Good Luck.. BuddyWh
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Thanks for this and the previous response. I am sure you are correct. Whoever owned the local O'Reillys used to take it free of charge, but stopped doing it. It has been years since I changed engine oil myself, but I am pretty sure that at the time some charged. But then, memory is the second thing that goes. I can't remember what goes first.
At the price WM charges it isn't worth the four dollars savings. I geth their basic service, and tend all the other fluid checks, tires, etc. myself.
Max
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0W40, so my Trooper gets one oil change /year. But it uses a fair amount during the year so the oil doesn't get too 'old'..
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madiba

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I guess its a long way from those North Sea oil fields.. :-/
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madiba

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(madiba) wrote:

Indeed :-((.
Paul C.
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Mainly as an extra cost option after the initial limited five year powertrain warranty last time I looked.
Effectively, that is the cars' life to

Poor quality and excessive fuel consumption together with poor dynamics are the most obvious ones. And this is posted by a very rare example of a guy who has owned two consecutive US built cars in the UK from new. They are not Jeeps either.

They do in fact export cars from the US and they invariably bomb. The Ford Cougar and Explorer and the Chevrolet Blaser come to mind as recent attempts which failed dismally. European manufacturers also buy US companies such as Chrysler and also have US manufacturing or assembly plants. Examples of these are BMW and Mercedes [who also own Chrysler]. The UK is second only to Japan in the amount of capital it has invested in the USA and the balance of trade is hugely in favour of the UK last time I looked.

Yep the high value and skilled labour is utilised overseas to you. The mundane task of assembly is still your province. Beware of complacency if you really believe in free trade, which you don't of course....... witness your protectionist steel policy which flouts international agreements and is solely to protect an inefficient, high cost dinasaur industry.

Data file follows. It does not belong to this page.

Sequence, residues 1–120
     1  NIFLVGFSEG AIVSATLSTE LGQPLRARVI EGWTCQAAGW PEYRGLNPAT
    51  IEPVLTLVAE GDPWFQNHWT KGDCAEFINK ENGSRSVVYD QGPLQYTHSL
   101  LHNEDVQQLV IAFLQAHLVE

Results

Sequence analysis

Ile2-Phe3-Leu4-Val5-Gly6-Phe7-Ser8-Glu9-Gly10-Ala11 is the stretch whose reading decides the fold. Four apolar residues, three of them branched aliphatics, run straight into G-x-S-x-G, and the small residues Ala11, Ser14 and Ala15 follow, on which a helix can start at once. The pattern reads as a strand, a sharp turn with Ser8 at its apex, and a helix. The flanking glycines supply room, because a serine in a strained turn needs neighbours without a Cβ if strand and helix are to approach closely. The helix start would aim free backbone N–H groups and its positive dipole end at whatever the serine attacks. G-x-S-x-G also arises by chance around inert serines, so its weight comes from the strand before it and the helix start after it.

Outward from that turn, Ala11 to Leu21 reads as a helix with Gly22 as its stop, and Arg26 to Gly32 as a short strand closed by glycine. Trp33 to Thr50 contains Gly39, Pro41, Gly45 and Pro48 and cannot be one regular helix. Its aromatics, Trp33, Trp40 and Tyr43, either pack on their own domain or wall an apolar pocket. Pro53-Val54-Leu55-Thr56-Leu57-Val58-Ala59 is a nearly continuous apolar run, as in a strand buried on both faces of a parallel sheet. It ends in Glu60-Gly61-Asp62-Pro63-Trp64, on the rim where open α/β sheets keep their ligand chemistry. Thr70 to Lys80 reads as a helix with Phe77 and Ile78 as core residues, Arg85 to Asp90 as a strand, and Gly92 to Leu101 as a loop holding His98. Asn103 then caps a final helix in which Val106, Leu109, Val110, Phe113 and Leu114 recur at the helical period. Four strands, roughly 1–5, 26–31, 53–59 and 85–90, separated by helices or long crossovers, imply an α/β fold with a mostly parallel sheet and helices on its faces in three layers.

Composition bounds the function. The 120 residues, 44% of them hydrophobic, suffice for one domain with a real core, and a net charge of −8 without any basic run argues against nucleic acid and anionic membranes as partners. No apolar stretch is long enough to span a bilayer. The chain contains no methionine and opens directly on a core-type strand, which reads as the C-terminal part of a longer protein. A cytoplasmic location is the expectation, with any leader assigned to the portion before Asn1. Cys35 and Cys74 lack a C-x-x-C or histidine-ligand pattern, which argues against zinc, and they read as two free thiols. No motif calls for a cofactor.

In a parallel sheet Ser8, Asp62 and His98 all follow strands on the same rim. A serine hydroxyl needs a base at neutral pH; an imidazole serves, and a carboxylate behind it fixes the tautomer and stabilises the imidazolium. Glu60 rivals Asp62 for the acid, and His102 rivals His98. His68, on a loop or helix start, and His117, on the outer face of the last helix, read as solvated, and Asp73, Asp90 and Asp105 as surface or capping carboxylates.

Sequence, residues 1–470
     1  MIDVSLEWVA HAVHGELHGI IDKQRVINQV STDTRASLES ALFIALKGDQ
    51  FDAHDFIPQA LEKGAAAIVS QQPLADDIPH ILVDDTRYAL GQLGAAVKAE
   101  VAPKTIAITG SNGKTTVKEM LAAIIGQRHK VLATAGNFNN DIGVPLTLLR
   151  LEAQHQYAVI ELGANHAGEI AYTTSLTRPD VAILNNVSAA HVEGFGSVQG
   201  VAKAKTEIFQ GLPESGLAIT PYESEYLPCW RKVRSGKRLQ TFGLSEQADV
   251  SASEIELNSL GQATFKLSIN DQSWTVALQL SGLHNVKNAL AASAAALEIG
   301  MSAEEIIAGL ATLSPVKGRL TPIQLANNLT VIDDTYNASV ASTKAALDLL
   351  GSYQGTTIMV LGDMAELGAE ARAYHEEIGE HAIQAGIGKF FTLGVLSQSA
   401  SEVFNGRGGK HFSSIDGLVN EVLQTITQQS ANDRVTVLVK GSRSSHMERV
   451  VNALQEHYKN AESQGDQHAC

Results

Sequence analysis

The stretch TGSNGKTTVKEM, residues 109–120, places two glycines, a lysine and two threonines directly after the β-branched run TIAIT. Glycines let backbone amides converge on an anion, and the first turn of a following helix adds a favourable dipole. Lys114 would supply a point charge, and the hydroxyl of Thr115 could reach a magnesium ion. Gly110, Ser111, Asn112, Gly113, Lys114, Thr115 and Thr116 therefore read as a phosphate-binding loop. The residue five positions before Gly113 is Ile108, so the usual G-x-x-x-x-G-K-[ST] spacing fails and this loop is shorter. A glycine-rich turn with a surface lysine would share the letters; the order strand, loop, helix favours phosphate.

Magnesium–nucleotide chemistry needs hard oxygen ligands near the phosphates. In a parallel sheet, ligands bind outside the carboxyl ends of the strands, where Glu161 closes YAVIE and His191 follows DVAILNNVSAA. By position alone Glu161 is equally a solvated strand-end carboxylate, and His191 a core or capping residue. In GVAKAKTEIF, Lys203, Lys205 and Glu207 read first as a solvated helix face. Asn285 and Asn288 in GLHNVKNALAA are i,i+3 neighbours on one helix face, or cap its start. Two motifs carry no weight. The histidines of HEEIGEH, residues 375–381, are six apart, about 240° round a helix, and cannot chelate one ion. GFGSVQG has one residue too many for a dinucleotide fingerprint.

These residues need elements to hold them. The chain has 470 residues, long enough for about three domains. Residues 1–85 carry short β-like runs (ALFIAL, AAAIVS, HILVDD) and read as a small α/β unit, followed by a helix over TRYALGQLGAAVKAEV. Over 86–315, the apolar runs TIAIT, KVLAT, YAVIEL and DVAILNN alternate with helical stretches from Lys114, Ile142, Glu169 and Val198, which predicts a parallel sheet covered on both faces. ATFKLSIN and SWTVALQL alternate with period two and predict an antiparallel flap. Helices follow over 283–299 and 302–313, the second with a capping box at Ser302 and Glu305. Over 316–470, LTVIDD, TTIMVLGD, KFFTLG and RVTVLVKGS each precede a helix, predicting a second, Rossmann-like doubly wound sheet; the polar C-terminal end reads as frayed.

I would not disagree with this.
Huw
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wrote in message

Many more big snips of quite banal answers and comments.

Yes but api and ILSAC certified oils are invariably the lowest acceptable standard of oil for current production vehicles. They do not set higher minimum standards for higher performance levels. Other standards, from other standard setters, current at any time are almost invariably higher or superior to API. You know this, so why make an arse of yourself?

That is not always the case. You concentrate on only on API standards, and yes they are 'API' standards because ILSAC use a diffent rating structure although they are now substantially equivelent and ILSAC has licenced GF3 to be known as API SL. Also the starburst is applicable to one but not the other. Do stop making a complete idiot of yourself. Many other standard setting bodies run a number of standards simultaneously because they grade oils on higher performance criteria on a rising scale. The web site to which I posted a link for makes this quite obvious to anyone with an ounce of wit, but not you it seems.

Yes, some of you are awfully easy to confuse so I do not blame them. Best cater for the lowest common denominator and just use API rating for lowest quality acceptable and then differentiate by whether an oil is dino or synthetic eh? ROTFALOL. snip

How could you possibly draw this conclusion? I have stated that I have run two US built cars. You Sir, appear to be something of a fool.

Did I say "NOTHING"? Please copy the sentence in context because I have no recollection. If I did not say this then there is no contradiction and again you have made an arse of yourself, in big bold capital letters this time.

Nothing trivial like Ford transmissions regularly failing at low milage from one generation to the next then? Nor US built Toyota V6 engines failing due to sludge. Your cars are so perfect according to you, yet a detailed review of American car newsgroups would appear to show shoddy build quality, poor reliability and longevity compared with 'imports'. Something of a contradiction. Your cars are cheap, your fuel and oil is cheap, and spare parts are cheap. All in all it is a cheap industry built on a three year replacement cycle and built in obsolecsence.